I can tell you that it’s a calling. And even when it’s a calling, there are days when it doesn’t quite feel like a calling. There are days when both Justin and I wonder if we can even do this for one second more – days when we lock ourselves in our bedroom and allow ourselves to ignore the sounds of a 4-year-old who refuses to sleep or even just simply stay upstairs in her bedroom.

There are days when the guilt outweighs the love. Days when I feel like I need to explain to every single person that I am a working parent – that we both work full-time jobs – and that I just need someone to tell me that it’s okay. Days when I feel like I am less than. Days when I feel like I just can’t give any more and wonder if I should even give anything.

But then there are days like today. Days when the almost two-year-old is sick and simply wants to be held. Days when I hold him for hours, his arm tucked under my shirt and kiss his forehead numerous times just to see if he has a fever and just to remind him that he is safe. Days when I’m glad to be at home for the time he needs me for. Days that I know I’m doing the best I can and really that’s what matters.

This is life. And it’s messy. Foster care makes it’s a bit messier. And it makes my house a lot messier. But it’s worth all the mess (especially since I plan on paying someone to help me pick it up).


Foster Care and Pride Don't Mix

I've desperately wanted to give up foster care and parenting every single day over the past seven days. I've felt as though it just wasn't for me. That I was never cut out to be a mom.

I have missed my old life every day as well. I've longed for just two hours alone with my husband, for the chance to sit down at a restaurant and eat an entire meal and drink at least two glasses of wine. I've found myself easily frustrated and wondering why we even got into foster care. I've thought that I'm doing more harm than good in the three littles lives.

It's been a rough week. Not that any of the {almost} four weeks that we've had Baby T, Little C, and Little A have been easy. Because they haven't been anything but terribly difficult.
All mom's feel this way. At least that's what I've been told. Every mom feels inadequate and as though they aren't exactly cut out for guiding little people through the ups and downs of toddlerhood, childhood and adolescence. But it's been hard for me to truly believe that anyone really understands just how inadequate I feel.

I was talking venting to my mom about it all. And as I did so, I mentioned that it wasn't just up to me. That there was Justin to consider and how good he is with kids. Because he is an amazing dad and does so many things much better than I ever could.

He's the only reason we haven't given up. I'd be out the door and on my way to a life of fancy freeness if it weren't him to remind me, usually gently and sometimes not so gently, that we are here, in the midst of the struggle and the darkness, for a purpose and that we are not to run away.

We're realizing more and more, though, that we need help. And here's the thing... I hate to ask for help.

I know everyone says that. Just like everyone says they are terrible parents. But the truth of the matter is, asking for help is the most difficult thing for me. And when I do ask for help, if someone says no in a certain manner, I take it personally. That no tells me there is something wrong with me. It's not that that person doesn't really want to help; rather it's that that person doesn't want to help me.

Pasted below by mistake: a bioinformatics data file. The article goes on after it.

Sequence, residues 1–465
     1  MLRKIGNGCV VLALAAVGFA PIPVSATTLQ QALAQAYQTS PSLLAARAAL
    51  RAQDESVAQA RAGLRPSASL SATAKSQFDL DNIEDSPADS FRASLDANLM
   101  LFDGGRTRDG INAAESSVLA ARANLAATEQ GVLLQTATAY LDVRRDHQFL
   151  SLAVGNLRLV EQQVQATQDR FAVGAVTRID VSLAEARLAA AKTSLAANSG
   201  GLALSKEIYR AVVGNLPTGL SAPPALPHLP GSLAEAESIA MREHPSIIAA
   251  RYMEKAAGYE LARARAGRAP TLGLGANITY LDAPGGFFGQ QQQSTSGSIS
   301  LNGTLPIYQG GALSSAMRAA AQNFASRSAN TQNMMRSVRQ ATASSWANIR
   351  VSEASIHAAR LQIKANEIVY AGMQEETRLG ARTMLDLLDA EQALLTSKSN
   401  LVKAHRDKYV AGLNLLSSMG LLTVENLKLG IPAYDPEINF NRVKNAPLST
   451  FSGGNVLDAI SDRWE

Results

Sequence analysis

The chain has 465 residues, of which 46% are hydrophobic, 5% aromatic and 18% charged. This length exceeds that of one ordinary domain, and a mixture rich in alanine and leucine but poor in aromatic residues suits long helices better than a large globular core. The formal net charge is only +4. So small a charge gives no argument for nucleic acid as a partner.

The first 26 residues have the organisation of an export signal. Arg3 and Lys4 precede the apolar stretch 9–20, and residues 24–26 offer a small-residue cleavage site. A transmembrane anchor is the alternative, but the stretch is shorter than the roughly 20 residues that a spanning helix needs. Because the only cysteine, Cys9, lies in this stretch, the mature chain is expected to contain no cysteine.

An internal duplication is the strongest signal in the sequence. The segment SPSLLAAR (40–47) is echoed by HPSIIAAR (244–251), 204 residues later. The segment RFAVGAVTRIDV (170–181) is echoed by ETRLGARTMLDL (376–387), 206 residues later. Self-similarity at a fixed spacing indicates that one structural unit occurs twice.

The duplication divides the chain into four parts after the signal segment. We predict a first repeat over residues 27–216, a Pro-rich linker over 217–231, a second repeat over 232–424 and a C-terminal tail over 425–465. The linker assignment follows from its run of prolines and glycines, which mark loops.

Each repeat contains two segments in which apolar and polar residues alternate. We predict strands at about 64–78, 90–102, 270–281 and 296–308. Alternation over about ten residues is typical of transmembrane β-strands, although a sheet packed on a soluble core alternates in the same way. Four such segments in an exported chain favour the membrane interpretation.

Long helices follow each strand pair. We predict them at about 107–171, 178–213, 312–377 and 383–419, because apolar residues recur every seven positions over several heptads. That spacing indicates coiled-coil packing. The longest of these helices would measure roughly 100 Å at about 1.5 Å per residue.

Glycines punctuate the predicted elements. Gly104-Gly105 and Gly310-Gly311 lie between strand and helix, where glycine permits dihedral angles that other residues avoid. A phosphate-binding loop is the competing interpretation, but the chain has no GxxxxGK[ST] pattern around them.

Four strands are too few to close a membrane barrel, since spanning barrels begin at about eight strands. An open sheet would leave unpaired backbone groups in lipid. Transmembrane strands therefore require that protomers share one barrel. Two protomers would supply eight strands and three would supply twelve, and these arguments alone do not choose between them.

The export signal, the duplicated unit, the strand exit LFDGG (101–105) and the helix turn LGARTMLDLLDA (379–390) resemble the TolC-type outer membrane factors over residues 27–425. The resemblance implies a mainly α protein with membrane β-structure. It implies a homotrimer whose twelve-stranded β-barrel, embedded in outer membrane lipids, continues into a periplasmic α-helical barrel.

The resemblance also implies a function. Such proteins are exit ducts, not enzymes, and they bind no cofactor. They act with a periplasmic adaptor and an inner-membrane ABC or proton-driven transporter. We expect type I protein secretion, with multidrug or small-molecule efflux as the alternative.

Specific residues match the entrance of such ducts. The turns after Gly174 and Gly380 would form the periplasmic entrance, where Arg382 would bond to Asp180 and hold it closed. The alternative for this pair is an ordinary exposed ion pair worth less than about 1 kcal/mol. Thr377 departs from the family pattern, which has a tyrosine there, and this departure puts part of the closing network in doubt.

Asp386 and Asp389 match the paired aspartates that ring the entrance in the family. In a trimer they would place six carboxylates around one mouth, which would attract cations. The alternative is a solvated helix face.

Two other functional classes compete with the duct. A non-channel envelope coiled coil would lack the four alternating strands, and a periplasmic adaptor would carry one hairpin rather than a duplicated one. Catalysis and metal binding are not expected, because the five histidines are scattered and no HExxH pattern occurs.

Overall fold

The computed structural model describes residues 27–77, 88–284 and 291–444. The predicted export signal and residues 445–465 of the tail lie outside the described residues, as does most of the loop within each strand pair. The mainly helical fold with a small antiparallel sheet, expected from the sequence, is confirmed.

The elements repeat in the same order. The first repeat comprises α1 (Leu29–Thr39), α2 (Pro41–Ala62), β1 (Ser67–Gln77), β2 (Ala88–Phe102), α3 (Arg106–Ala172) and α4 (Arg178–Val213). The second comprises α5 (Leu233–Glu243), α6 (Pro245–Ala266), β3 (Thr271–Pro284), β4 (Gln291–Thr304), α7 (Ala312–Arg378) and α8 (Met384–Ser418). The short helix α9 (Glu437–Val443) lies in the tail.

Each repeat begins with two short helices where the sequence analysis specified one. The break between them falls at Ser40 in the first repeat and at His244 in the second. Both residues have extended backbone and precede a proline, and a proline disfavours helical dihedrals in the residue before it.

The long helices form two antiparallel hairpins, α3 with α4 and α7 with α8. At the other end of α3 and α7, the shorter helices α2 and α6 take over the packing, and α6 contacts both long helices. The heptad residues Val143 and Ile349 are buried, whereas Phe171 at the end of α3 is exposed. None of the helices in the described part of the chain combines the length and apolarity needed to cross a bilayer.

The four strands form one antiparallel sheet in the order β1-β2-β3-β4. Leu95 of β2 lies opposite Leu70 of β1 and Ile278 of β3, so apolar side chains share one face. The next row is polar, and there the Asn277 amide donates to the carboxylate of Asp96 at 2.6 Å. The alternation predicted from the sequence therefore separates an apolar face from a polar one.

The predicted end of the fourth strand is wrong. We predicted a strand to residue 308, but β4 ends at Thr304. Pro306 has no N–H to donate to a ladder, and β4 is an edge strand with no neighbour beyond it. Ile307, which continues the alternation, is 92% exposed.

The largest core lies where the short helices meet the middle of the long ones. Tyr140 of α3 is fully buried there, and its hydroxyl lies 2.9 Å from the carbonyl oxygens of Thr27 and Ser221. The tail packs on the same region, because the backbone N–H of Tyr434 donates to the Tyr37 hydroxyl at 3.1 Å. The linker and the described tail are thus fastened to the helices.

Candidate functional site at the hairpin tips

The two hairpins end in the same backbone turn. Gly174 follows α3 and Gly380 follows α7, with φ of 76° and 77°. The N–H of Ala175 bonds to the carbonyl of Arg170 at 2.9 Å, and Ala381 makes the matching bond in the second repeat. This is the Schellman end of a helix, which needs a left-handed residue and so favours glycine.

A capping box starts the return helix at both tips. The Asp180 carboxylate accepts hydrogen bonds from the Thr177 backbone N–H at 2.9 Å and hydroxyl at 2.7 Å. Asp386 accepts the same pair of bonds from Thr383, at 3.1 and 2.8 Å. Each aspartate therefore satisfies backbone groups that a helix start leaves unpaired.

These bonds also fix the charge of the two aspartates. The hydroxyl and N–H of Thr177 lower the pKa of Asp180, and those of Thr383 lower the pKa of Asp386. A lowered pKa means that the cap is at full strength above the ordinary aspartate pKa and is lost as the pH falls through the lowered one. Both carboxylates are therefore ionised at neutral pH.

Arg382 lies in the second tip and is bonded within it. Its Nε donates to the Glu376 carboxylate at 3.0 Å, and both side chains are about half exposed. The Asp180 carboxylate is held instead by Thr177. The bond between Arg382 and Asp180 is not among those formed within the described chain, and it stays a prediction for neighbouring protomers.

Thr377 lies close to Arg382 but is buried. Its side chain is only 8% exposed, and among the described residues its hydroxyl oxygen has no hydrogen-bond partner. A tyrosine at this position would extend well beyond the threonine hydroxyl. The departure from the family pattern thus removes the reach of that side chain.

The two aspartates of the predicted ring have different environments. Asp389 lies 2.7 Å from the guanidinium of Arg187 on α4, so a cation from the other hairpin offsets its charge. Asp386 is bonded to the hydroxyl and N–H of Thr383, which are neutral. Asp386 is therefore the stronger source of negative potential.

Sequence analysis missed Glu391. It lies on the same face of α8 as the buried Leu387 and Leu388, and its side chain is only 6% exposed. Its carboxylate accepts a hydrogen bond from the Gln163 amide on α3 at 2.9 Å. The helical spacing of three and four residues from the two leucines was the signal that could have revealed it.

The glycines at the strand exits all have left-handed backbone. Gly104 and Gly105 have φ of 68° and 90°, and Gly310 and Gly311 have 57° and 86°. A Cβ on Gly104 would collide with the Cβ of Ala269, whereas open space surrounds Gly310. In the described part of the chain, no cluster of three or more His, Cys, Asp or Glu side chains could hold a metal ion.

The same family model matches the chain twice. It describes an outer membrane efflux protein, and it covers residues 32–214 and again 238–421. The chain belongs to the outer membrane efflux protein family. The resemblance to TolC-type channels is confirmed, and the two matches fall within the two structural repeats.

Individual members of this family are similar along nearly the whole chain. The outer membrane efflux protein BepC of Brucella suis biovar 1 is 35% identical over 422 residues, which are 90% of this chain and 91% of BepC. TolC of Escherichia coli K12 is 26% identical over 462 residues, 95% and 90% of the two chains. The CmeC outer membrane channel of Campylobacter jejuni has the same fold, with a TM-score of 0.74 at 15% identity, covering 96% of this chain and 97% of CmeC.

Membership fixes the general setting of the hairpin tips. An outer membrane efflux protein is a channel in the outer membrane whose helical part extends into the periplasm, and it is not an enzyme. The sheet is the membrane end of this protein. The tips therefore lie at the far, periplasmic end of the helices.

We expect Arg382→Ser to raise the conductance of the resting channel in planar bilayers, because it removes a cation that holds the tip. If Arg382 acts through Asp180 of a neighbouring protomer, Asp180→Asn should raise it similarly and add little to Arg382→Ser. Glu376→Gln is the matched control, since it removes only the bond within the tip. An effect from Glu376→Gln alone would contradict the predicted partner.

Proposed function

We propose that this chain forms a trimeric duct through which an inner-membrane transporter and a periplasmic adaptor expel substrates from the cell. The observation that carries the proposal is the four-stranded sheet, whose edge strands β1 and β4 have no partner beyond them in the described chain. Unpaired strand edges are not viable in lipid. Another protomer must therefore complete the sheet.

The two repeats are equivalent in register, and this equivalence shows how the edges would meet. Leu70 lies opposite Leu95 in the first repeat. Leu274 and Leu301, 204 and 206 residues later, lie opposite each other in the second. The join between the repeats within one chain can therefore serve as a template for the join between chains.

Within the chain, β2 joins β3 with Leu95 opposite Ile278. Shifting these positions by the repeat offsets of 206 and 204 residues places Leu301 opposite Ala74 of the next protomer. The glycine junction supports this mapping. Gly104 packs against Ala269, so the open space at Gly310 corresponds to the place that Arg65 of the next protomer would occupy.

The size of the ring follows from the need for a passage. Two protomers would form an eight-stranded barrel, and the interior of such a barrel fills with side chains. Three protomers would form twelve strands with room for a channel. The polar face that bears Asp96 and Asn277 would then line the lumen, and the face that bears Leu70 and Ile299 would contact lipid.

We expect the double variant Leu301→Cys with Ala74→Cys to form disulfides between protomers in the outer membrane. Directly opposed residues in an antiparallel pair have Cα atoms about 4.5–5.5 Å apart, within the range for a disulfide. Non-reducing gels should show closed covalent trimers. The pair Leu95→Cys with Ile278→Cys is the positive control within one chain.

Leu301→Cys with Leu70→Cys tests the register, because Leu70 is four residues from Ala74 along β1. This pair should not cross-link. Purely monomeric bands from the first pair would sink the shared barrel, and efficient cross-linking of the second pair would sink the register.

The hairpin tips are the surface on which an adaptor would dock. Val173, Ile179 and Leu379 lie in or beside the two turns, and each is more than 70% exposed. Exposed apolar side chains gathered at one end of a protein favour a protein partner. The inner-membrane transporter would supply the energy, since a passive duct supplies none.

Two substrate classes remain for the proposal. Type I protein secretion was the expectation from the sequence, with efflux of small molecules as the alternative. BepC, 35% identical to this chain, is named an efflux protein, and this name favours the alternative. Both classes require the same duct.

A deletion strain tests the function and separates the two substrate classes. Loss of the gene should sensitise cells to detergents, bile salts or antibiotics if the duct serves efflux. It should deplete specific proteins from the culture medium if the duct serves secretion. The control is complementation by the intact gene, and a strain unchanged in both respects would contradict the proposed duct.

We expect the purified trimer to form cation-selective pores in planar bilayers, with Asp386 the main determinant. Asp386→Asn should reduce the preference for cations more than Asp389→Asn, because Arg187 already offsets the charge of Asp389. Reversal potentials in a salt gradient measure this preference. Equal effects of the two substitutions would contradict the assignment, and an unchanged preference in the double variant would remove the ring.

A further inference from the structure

It's pride. And a lot of other ugly things. And God is ripping it all to shreds.

I'm not at a place where I am ready {or able} to stay home and not work. I'm also not at a place where I am willing to give up graduate school. Because if I did either of those things, I would resent and regret it for the rest of my life. I refuse to let more resentment and regret infiltrate my life.

So I need help. Which means I need to get over myself and over this pride and suck it up when people say no (even when the way they do so hurts) and ask for more help.

The help we need is sometimes spur of the moment - like this past Friday when Baby C couldn't go to daycare due to a fever and rash.. All a product of his allergy to penicillin that we didn't know about. That's one thing that sucks about foster care; you have no real clue about any of the medical history.

Other times the help is tangible and something easily planned for. Like meals and laundry and cleaning our house.

Regardless of what kind of help it is, I can tell you that we need it all the time. Just this weekend, Justin and I began discussing how we might pay for someone to help us approximately 20 hours per week. We also, just tonight, began discussing having someone clean our house on a weekly or bi-weekly basis. We also need help with laundry.

There just isn't enough time to do everything. Having three littles, all with their specific needs, is time consuming and daunting and exhausting. Add into the three all the past traumas and you get a recipe for sleepness nights and more darkness than you could ever expect to see in such small people. And oh the laundry and toys everywhere. I am jealous of all the people who have just one child; they have no idea just how good {and easy} they have it.

Justin and I so appreciate all the prayers. We need those, too. We need them constantly. But our tangible needs are there, too. I'm just hopeful and prayerful that somehow those tangible needs will be met.